Sorry, 28.

            I wrote that:

            “The extent of planning of the economy at the central or federal level in nations from the U.S. to Korea to Japan to Germany to China is far LESS than the majority of people suspect.”

            I meant to write:

            “The extent of planning of the economy at the central or federal level in nations from the U.S. to Korea to Japan to Germany to China is far GREATER than the majority of people suspect.”

          • 0 avatar
            28-Cars-Later

            No need to apologize, Kai-shek.

  • avatar
    SCE to AUX

    Robert Scheuer may be a fraudster, but his Ion was still defective.

    The headline gives the false impression that the entire ignition switch game has changed, when in reality Mr Scheuer’s case is just a sideshow.

  • avatar
    RideHeight

    This thread smells like old people.

    • 0 avatar
      highdesertcat

      You mean like the stale urine smell of a nursing home?

      • 0 avatar
        RideHeight

        No, that freaky mustiness that emanates from scalps and clothing on even some active old people. I think we begin rotting long before clinical death.

        • 0 avatar
          Lou_BC

          RideHeight – there are 3 definitions of death:
          1. Brain death (self explanatory)
          2. Clinical death – time during which your heart has stopped beating.
          3. Biological death – cells die.

          So, in theory you are correct.

          Physiologically we peak around 40 years old.

          • 0 avatar
            RideHeight

            And the last cells to die in some humans are in the pons region which few laypeople know is actually a contraction of “pontificates”.

          • 0 avatar
            28-Cars-Later

            40? I’ve got work to do.

          • 0 avatar
            highdesertcat

            28-Cars-Later, some time ago I read a similar comment by RideHeight in a different thread re pontification by old people, where he explained the pons.

            I always thought his comment about old people was aimed at me since I’m 30 past 40.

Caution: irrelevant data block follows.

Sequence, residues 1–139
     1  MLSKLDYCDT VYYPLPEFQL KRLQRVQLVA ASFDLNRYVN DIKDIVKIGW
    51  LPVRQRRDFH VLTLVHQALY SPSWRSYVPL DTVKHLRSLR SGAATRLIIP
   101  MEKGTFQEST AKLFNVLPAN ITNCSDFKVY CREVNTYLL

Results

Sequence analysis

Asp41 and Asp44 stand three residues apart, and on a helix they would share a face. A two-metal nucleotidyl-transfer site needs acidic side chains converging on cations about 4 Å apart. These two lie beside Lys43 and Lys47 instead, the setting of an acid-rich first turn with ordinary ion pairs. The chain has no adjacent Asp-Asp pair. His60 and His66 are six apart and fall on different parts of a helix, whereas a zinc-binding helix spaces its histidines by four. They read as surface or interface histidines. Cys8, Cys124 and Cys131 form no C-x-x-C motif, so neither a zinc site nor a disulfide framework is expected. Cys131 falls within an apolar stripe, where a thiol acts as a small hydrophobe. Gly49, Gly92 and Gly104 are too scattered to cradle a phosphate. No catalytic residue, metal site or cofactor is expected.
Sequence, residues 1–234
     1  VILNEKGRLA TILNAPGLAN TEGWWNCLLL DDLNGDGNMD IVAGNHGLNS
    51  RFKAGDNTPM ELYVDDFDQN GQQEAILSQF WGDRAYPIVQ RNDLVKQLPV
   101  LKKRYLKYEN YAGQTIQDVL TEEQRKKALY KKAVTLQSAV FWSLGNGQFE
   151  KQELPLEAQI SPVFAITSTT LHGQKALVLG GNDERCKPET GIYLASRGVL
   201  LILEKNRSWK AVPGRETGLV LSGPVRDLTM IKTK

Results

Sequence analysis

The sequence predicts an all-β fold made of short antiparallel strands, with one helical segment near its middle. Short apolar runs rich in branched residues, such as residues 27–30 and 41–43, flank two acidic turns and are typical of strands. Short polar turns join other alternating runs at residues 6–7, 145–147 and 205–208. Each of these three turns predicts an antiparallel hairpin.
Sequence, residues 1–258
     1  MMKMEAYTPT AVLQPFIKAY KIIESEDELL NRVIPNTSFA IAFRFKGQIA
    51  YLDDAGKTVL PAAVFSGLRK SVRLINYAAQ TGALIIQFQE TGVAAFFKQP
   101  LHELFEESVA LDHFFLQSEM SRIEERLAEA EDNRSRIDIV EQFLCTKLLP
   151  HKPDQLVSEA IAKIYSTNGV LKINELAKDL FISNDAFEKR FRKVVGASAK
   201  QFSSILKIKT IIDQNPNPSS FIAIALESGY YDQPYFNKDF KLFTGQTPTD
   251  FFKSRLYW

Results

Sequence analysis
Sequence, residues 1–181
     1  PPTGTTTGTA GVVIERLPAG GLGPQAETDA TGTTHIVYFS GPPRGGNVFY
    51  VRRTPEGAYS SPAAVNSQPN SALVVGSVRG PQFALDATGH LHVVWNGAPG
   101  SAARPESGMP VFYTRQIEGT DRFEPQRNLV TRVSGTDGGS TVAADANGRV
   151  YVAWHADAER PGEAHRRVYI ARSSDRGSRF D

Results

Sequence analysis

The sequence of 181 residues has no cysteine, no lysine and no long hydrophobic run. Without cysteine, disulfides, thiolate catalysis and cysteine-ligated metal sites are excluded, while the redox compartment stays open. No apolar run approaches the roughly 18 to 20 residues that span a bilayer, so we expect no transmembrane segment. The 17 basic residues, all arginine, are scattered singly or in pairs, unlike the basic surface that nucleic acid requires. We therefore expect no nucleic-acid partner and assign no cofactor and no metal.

On that note, I too will hang it up. Last buyer has left and I will take my leave.

            Got places to go to tomorrow, people to see and things to do.

          • 0 avatar
            Lou_BC

            RideHeight – “And the last cells to die in some humans are in the pons region which few laypeople know is actually a contraction of “pontificates”.”

            Wow – you are good.

            I’m not worthy.

            I’m not worthy.

            LOL

        • 0 avatar
          highdesertcat

          “that freaky mustiness that emanates from scalps and clothing on even some active old people.”

          Damn! Where do you hang out?

          I have no idea what that smells like, and I often go to Nursing Homes in my area with other men and women from our church to comfort the inmates and sit with them for a while.

          Yeah, I know the fragrance of soggy Depends, but not the smell you describe.

          Hell, all my friends are genuine antiques and they don’t smell like that, even when drenched in sweat at the shooting range or working out at the Base Gym.

          • 0 avatar
            Lou_BC

            highdesertcat –

            I’m not surprised that you completely missed the metaphorical significance of RideHeight’s comment.

    • 0 avatar
      shaker

      Unlike “Beetlejuice”, “Obama” only needs a single utterance to bring out the mayhem and disillusionment of people who (despite being sensitive and intelligent in their own chosen circles) have distinctly calcified sections of their brains when it comes to the changing world.

      Hell, I have it, too, but I’m trying to look at the possibilities of a ‘new world’ that’s a bit more fair to all, with our country being an example to all.

      Then you have the fundamentalists (Muslims and ‘crusaders’) that fall back on fairy-tales that are many, many hundreds of years old (despite many being educated) as templates not only how to live their lives, but (with the power of the gun) how the rest of the world should live theirs as well.

      Any human brain should react to this with sadness and revulsion.

      Let the wars fade into the past – ‘Satan’ exists – in our own minds, and only we (as individuals) can destroy it.

      I like the Bolt, and I’m glad that GM is still around to bring it to market.

  • avatar
    highdesertcat

    Lou_BC, I’m disappointed that you thought I missed the metaphorical significance of RideHeight’s comment.

    But OK, since I wouldn’t be here all this time if I didn’t HAVE to be, like with one foot nailed to the floor, running around in circles.